SAO PAULO, Brazil — As euphoric rock music played, dozens of men in suits swarmed the aisles with hand-held credit card machines to take donations from the faithful.
The pastor smiled at the crowd in the downtown headquarters of the mega-church and, as cameras rolled, belted out: “We all voted already, right? Who voted today?”
In the spotlight, he made no mention of whom he hoped his flock had cast ballots for. But for most in the crowd, and those watching the election for the mayor of Latin America’s largest city, it was clear which candidate Brazil’s increasingly influential evangelical churches were throwing their weight behind.
Television personality Celso Russomanno took Brazil’s political establishment by surprise when he shot to the top of the polls in the run-up to the election. Although he is Roman Catholic, his relatively new Brazilian Republican Party is backed by the powerful Igreja Universal do Reino de Deus, or Universal Church of the Kingdom of God.
In the world’s largest Catholic country, a group of well-organized evangelical churches is rewriting the rules of politics here. In the process, the evangelicals have dismayed Brazilians uneasy with such blatant mixing of religion and politics.
Amid a surge in Latin America in recent years, more than 20% of Brazilians are now evangelical Christian. Followers make up one of the largest voting blocs in Congress, and use their money, influence and media power to press a small set of socially conservative issues, as well as to maintain favorable conditions for their often very profitable enterprises.
“They don’t yet have quite as unified an agenda as the evangelical movement in the U.S.,” said David Fleischer, a political scientist at the University of Brasilia. “But they are growing, and are far more effective than the Catholic Church at convincing people to vote one way or another.”
Since colonial times, the Roman Catholic Church has been the dominant religious force in Brazil, though in practice it has often been mixed with indigenous and African traditions. Still, not only did the constitution establish separation of church and state, but voters and the church also tend to abhor any direct religious endorsements in elections.
Russomanno’s position in the polls shocked the elites into action here and, after attacks from all sides — from the left, the right, the Catholic Church — he ended up finishing third.
But his movement made its mark. The candidate from the ruling left-leaning Workers’ Party, Fernando Haddad, immediately sought his backing in the runoff Sunday.
Nationally, President Dilma Rousseff maintains an uneasy alliance with the evangelical bloc, which makes up about 10% of the Brazilian equivalent of the House of Representatives. The group flexed its political muscle in a big way last year when it killed Rousseff’s plan to supply Brazilian schools with anti-homophobia educational materials.
On the Friday before the first round of voting early this month, a group of artistic and cultural activists mounted a large protest against Russomanno’s sudden rise, using social media to organize a group of rock, funk, hip-hop and traditional Brazilian forro concerts. Some revelers wore shirts proclaiming “Not Serra, not Russomanno,” with Jose Serra, the center-right candidate, portrayed as Mr. Burns, the character on “The Simpsons” (he does bear a resemblance), and Russomanno as fellow character Ned Flanders.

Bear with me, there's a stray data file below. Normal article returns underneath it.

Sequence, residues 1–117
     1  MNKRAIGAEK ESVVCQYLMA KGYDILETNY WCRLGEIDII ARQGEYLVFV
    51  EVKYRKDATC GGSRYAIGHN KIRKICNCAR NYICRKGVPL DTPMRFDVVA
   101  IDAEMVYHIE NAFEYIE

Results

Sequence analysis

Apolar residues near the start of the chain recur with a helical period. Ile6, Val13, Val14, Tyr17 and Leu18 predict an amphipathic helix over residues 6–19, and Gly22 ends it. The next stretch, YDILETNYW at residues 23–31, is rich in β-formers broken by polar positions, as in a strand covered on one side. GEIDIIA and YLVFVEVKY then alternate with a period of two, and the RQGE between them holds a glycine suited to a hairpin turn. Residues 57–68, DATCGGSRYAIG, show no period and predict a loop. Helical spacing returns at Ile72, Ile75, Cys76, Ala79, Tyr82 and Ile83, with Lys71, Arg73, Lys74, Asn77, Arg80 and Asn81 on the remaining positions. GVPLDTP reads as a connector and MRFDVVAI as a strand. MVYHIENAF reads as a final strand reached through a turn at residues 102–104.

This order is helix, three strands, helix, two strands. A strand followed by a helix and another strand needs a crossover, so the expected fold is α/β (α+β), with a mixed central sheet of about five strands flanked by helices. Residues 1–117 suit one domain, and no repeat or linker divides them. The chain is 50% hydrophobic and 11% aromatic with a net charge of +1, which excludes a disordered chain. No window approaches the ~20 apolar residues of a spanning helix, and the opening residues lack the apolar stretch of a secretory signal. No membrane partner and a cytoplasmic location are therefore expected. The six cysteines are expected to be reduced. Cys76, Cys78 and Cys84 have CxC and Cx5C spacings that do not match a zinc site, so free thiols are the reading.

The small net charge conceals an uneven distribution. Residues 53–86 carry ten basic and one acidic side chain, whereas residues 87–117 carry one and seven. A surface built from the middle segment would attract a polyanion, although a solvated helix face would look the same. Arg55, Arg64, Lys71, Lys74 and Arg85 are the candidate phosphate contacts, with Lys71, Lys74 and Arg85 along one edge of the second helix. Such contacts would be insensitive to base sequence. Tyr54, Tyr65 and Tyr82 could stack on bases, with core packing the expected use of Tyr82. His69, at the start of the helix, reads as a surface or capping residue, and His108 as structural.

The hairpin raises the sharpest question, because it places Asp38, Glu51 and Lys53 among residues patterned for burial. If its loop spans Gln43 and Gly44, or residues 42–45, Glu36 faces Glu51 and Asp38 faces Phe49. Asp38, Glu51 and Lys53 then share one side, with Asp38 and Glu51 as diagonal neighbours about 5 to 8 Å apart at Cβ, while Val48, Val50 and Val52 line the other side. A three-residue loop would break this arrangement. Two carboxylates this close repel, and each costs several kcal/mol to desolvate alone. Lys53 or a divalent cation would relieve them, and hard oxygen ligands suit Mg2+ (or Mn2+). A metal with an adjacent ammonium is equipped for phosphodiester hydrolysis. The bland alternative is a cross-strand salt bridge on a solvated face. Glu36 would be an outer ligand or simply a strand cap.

But evangelical politics isn’t just about traditional conservative issues such as morality or abortion, which is illegal in Brazil. Elected officials at the local level also push for favorable zoning and municipal rulings that allow them to easily develop new churches. And then there is the more subtle use of political power, Fleischer said.
“The larger churches face frequent accusations of income tax evasion, money laundering and all sorts of other fraudulent activity. Edir Macedo, the head of Igreja Universal, also owns the second-largest TV network in the country, which should technically be unconstitutional,” Fleischer said, because he is a religious figure operating on public airwaves. “But the state looks the other way.”
Macedo’s Universal Church has branches in Africa and is successful throughout Latin America. In California, the local branches, which attract large numbers of Spanish speakers, are often recognizable by the slogan “Pare de sufrir,” or “Stop suffering,” a subtle dig at Catholic cultural traditions.
In Sao Paulo, many were puzzled as to why Russomanno denied he was backed by the evangelicals. Macedo also denied strong links, despite his pastors calling on worshipers to vote for him and a blog he published (anonymously) listing reasons to vote for him.
“I don’t like who is paying” for Russomanno, Sueli Machado, a 65-year-old retiree, said after voting in Penha, a poor neighborhood on the outskirts of Sao Paulo. “I don’t have anything against any religion, but the men who run those churches are millionaires rich off of donations. If he can’t admit they are behind him, how can I trust him?”
Later that week in Penha, a Universal Church pastor gave a small congregation bars of green soap that would “wash not just your body, but your soul.” Then he led the screaming crowd in a ceremony to expel demons from a middle-aged woman, who writhed at his touch.
Before ending the ceremony, he asked the parishioners to give themselves a round of applause: “Look at all the people we got voted onto the City Council!”
Bevins is a special correspondent.